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Thread: “extra” Cast Iron Vent pipe still needed? NSPC

  1. #1
    DIY Junior Member CraigNJ's Avatar
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    Default “extra” Cast Iron Vent pipe still needed? NSPC

    Per my town building inspector in Northeast NJ, code no longer requires a 4” cast iron DWV pipe that rises up from my house’s main Drain-Waste-Vent pipe just before it exits my house. Is there any reason to keep this pipe? I need to cut and cap it, or cut and replace it with re-routed PVC, so I can have an electrician replace my electrical service (the cast iron is about 2’ from my fuze boxes). My approx. 100-year old 3-story (3-apartment) house has a vertical cast iron DWV pipe that penetrates my roof and which the 4 bathrooms tie into. This main DWV pipe leads into the horizontal one under my basement slab, which then runs about 40’ where this “extra” vent pipe and then 2 clean-outs rise up from the horizontal DWV pipe just before it exits my house. This apparent “extra” vent pipe rises straight up approx. 5’, then runs horizontally about 6’ where it exits my house through an above ground penetration in the side of my foundation. I assume it’s 4” cast iron buried under my slab since everything else above the basement slab is cast iron, but I was told the pipe from my house to the city sewer is clay pipe. If current plumbing code does not require this “extra” vent pipe, is there still good reason to replace it with PVC instead of just capping it? I assume the original installers did it for a reason. Does it significantly help the flow of waste and help prevent my old clay pipe from getting clogged? Is it an emergency escape path for sewage if the sewer feed pipe does clog - letting the waste flow out of the side of your house instead of out of a first-floor bathroom? If so, the later-installed basement bathroom renders this benefit useless. Regarding vent pipes, my house also has a 2 inch vent pipe that exits the roof above 2 kitchen sinks. Any feedback/suggestion would be greatly appreciated. Thanks, Craig

  2. #2
    Master Plumber-Gas Fitter shacko's Avatar
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    A lot of areas wouldn't allow clay pipe inside the house it had to be changed to cast iron when it entered. Without knowing EXACTLY what that pipe is for I wouldn't touch it, you could be removing part of your plumbing system.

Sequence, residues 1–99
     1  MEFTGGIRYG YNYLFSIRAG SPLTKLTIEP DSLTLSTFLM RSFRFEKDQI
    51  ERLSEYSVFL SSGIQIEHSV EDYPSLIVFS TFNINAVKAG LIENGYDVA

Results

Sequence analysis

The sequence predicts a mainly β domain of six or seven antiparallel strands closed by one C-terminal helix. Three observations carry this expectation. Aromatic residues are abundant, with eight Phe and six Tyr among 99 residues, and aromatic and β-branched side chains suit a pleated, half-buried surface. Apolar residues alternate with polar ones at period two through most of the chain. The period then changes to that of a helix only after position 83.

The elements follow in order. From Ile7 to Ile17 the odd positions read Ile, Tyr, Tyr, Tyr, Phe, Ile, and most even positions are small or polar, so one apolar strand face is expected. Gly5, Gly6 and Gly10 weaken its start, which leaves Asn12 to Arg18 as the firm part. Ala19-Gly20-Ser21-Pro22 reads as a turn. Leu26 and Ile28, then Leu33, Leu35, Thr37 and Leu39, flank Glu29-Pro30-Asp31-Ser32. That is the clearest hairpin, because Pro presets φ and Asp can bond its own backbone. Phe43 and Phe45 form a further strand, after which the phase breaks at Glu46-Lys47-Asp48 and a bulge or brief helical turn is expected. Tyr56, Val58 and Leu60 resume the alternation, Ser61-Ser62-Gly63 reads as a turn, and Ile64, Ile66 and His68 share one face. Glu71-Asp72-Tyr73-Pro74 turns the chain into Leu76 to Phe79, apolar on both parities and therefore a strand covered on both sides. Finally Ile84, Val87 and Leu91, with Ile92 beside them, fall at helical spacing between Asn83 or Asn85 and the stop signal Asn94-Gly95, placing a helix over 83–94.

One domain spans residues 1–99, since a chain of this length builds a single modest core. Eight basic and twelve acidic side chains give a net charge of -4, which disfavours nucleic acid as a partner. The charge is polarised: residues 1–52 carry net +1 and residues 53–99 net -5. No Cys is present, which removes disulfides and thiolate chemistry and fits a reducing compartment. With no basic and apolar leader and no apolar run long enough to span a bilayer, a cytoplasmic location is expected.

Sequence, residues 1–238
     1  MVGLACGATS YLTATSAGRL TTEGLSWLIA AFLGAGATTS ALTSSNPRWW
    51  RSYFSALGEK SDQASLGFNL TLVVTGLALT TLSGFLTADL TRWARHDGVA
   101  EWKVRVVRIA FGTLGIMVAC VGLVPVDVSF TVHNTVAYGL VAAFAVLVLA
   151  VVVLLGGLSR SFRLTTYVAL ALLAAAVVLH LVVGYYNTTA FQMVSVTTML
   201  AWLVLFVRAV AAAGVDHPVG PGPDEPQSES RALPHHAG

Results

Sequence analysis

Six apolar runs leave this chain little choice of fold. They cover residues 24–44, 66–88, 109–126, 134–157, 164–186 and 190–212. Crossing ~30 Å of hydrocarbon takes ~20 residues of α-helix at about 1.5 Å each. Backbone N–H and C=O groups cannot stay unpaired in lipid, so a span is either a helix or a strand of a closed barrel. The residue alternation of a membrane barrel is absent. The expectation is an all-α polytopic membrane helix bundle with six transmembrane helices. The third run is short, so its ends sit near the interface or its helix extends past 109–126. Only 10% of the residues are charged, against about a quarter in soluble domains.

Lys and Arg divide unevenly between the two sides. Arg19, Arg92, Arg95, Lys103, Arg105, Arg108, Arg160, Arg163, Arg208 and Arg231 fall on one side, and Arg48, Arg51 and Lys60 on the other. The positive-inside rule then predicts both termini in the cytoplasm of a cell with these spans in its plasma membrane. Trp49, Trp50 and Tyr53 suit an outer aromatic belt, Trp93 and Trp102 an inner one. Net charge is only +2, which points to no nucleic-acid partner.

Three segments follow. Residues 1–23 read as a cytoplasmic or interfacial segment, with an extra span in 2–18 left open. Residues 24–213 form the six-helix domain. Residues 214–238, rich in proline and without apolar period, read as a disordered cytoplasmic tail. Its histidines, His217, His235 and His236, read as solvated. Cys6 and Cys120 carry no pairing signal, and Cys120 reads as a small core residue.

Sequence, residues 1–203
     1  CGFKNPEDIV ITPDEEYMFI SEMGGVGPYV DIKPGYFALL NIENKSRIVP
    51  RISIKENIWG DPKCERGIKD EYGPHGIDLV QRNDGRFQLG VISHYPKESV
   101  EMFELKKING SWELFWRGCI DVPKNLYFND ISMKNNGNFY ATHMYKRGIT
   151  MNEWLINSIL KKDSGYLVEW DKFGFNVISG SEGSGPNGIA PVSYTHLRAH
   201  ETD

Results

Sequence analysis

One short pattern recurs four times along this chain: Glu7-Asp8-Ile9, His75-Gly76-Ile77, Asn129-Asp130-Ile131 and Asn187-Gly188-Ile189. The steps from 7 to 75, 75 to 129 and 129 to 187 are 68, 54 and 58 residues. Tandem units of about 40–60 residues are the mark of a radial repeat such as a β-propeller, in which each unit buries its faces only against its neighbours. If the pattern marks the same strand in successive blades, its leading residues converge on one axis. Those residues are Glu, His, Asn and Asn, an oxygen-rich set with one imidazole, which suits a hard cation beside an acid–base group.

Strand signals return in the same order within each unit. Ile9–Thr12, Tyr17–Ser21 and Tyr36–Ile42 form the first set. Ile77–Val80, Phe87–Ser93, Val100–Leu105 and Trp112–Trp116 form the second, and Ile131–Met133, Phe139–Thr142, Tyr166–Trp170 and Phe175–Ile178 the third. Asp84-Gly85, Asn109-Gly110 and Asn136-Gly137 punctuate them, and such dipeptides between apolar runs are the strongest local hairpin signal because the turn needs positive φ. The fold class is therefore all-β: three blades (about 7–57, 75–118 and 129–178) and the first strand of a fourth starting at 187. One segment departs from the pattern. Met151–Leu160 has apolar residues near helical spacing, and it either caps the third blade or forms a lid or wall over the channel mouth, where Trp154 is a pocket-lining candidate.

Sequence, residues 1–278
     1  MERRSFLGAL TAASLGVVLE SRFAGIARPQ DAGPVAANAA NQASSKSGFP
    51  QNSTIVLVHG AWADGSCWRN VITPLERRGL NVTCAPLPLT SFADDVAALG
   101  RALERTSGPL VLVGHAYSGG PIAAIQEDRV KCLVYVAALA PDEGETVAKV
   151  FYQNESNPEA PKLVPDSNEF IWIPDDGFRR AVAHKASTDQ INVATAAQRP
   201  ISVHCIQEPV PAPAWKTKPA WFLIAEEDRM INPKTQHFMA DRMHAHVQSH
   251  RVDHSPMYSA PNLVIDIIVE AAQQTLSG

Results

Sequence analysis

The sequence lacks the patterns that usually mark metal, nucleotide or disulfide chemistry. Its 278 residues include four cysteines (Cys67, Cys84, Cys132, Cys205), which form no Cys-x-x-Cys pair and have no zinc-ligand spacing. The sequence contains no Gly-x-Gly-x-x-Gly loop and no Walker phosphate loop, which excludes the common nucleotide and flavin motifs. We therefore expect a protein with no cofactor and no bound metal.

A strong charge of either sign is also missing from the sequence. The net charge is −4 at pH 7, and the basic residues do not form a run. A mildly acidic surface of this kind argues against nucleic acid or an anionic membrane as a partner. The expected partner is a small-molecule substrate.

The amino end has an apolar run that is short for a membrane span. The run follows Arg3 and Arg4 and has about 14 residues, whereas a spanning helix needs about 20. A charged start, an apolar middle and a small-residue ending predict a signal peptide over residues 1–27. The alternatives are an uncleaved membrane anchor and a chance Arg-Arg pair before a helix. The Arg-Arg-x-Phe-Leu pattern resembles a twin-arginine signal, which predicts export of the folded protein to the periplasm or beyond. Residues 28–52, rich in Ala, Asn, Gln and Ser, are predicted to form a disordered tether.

3. #3
    Moderator & Master Plumber hj's Avatar
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    I wouldn't even try to follow your description. You may not need a 4" pipe through the roof, but you still need SOMETHING, and normally, you have to have the equivalent area through the roof, meaning something like four 2" vents, or two 3" ones, etc. ANy combination which gives an area, NOT a diameter, equal to a 4" pipe.

  4. #4
    DIY Junior Member CraigNJ's Avatar
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    thanks for the advice/input. Just to clarify, my house does have a vertical 4" cast iron DWV pipe that penetrates the roof and which services 4 bathrooms (stacked one on top of the other). It also has what looks like a 2" vertical DWV pipe coming up through the roof above 2 kitchen sinks. The "extra" pipe (4" cast iron) that vents out my foundation (above ground) rises up from the cast iron drain pipe under my basement floor just before this main drain pipe exits my house for the city sewer.

    this "extra" pipe is somewhat common in my neighborhood. And my house is actually 1 of 5 houses in a row that were built at the same time with this "extra" pipe. 2 of the 5 have since had it removed - not sure if its caused problems, but I'll see if I can find any knowleadgable local plumbers who are familiar with this type of design.

    thanks

  5. #5
    Nuclear Engineer nukeman's Avatar
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    Maybe this extra vent is for a house trap or something?

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